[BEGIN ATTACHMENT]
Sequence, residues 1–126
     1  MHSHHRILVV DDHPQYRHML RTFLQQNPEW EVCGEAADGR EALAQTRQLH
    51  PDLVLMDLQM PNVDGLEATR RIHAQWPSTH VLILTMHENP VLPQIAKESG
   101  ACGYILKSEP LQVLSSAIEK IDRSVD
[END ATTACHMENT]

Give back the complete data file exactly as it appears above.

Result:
Sequence, residues 1–126
     1  MHSHHRILVV DDHPQYRHML RTFLQQNPEW EVCGEAADGR EALAQTRQLH
    51  PDLVLMDLQM PNVDGLEATR RIHAQWPSTH VLILTMHENP VLPQIAKESG
   101  ACGYILKSEP LQVLSSAIEK IDRSVD